Ministers ‘wrestling’ to prevent renewables revenue cap from undermining investment
The government is “wrestling” to make sure its plans to cap the windfall revenues being captured by low-carbon generators on the back of massively increased gas prices do not undermine future investment.
That is according to Liz Truss’s new climate minister. Giving evidence to the House of Commons Environmental Audit Committee, Graham Stuart said the objective of the Energy Prices Bill introduced to Parliament on Wednesday (12 October) is to ensure “no firms” should “unduly” profit from the Russian invasion of Ukraine at the “expense” of UK consumers.
He said: “We are wrestling with how to break the link between electricity and gas prices in a way that is fair to producers and doesn’t undermine our investment environment that is so important, given the tens, if not hundreds, of billions we are looking to have invested here, yet recognising that this is off the scale in terms of prior projections of revenues.”
Stuart said “many” of the measures in the Energy Security Bill, which has been shelved pending a review after Liz Truss became prime minister and to make time for the new legislation, are “fundamental” to the government’s objectives to accelerate the transition to a lower carbon electricity system.
He said: “We remain committed to the important measures in the bill to deliver change in the energy system over the long term… Given my brief to accelerate on these fronts, the enabling measures in the bill are important. Many of the 26 measures in the bill are fundamental to what we seek to do.”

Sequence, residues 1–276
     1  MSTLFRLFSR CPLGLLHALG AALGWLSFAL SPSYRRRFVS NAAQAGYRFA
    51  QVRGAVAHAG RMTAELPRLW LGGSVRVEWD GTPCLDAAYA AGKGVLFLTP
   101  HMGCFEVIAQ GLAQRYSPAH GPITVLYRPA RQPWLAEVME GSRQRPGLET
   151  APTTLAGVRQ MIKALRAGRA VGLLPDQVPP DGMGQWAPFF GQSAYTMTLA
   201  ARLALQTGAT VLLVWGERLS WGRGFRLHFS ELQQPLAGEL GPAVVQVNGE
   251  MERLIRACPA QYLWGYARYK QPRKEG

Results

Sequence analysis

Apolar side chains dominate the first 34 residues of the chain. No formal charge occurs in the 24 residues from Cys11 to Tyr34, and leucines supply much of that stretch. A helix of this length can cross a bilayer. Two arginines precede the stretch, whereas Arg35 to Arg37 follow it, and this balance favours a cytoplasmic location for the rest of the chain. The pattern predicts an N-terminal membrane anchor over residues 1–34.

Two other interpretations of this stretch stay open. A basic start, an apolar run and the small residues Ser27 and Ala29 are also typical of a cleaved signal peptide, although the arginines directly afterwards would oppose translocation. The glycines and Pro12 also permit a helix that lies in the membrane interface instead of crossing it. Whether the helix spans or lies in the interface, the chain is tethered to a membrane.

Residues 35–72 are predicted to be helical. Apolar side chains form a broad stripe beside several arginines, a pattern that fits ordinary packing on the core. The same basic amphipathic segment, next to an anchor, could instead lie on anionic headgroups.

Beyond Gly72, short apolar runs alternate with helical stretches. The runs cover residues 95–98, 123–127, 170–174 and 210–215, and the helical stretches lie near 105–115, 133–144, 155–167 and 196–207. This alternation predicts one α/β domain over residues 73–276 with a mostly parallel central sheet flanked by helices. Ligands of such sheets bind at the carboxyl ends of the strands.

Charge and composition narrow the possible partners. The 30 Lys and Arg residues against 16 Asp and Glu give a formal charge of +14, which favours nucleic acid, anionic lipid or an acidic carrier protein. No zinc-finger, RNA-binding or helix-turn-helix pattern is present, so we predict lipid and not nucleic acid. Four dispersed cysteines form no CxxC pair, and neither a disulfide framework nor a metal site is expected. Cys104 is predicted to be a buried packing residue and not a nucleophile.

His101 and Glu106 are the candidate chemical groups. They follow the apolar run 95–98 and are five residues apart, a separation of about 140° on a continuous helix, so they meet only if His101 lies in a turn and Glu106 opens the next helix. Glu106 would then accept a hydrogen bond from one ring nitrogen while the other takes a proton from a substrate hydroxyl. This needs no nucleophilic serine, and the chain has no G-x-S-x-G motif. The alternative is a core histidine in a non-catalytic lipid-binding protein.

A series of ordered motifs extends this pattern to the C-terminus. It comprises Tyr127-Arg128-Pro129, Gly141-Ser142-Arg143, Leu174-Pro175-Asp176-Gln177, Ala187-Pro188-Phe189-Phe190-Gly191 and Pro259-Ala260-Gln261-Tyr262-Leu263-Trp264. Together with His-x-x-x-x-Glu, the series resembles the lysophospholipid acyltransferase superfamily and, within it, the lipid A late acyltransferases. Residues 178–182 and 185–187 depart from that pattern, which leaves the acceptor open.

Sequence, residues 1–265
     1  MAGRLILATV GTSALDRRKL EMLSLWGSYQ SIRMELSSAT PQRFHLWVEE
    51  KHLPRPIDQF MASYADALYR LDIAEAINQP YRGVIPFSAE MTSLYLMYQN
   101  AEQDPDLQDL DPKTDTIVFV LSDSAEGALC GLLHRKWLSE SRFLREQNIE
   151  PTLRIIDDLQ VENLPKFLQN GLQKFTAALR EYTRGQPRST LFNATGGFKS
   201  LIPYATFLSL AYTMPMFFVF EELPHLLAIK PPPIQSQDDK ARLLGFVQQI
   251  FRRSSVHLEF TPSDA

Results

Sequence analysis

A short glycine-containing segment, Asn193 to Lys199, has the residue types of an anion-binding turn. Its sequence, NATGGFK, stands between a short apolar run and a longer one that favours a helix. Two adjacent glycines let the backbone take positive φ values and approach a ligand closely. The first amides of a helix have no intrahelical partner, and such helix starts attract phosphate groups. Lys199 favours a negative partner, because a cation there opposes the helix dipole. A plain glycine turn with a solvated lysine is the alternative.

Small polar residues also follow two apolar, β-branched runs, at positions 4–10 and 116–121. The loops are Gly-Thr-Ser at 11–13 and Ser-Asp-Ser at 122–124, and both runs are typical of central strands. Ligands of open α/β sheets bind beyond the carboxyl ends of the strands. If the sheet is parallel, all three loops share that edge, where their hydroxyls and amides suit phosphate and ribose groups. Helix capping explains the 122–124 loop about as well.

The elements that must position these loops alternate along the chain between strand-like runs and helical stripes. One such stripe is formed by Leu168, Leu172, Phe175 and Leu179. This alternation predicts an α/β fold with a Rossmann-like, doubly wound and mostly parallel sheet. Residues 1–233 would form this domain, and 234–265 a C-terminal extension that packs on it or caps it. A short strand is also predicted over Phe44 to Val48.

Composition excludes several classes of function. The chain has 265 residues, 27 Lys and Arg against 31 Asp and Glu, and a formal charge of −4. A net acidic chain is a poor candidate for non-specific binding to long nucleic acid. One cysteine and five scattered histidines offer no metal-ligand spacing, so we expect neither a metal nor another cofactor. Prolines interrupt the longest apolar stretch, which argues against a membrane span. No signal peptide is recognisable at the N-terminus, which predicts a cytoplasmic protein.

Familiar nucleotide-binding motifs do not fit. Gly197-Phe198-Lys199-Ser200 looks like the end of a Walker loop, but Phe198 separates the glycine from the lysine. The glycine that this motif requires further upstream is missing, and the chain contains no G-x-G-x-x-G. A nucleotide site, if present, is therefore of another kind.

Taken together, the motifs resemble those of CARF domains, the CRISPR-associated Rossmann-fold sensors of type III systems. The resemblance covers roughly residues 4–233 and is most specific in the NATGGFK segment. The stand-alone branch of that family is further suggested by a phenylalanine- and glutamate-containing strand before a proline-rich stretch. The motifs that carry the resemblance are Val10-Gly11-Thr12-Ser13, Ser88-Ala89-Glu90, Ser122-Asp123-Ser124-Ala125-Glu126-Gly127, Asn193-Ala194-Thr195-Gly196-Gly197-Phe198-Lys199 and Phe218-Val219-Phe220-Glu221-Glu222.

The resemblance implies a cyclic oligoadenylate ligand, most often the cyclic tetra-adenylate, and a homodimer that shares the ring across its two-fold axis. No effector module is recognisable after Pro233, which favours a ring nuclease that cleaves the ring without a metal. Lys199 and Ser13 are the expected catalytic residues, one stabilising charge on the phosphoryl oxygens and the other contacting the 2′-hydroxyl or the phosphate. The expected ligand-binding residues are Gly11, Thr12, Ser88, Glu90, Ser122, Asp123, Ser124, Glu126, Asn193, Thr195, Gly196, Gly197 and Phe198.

Responding to concerns that the government is preparing to make it harder to build solar farms on agricultural land, the minister said it is important to “strike the right balance” between farming and energy.
He said: “Solar is a cheap, versatile and efficient technology that can be deployed in a range of locations. Having more solar helps to limit households’ electricity bills.
“We will need to sustain growth in both rooftop and ground-mounted capacity over the next decade.
“The Government recognises the need to preserve our most productive arable farmland and it is important that the government can strike the right balance between these concerns and securing a clean green energy system in the future.”
Stuart said the Department for Business, Energy and Industrial Strategy (BEIS) is working “closely” with on the issue with ministries for levelling up, which oversees the planning system, and the environment.
Net Zero review
He also told the committee that the government’s review of how to deliver the UK’s net-zero target is in the “safest possible hands” after former energy minister Chris Skidmore was appointed to carry out the exercise.
However, Stuart said it is important to show that decarbonisation can be achieved without sacrificing prosperity: “While maintaining the coalition behind this agenda to show its pro-growth and pro-jobs and pro prosperity, we want to show it delivers advantages to left behind areas.”
Jonathan Mills, BEIS director general for energy supply, denied that the revenue cap proposed in the bill is a tax.
He said: “It is designed to address the way the market functions with prices in the wholesale market being set by highest price gas rather than address issues of profits which taxes are generally addressed at.”
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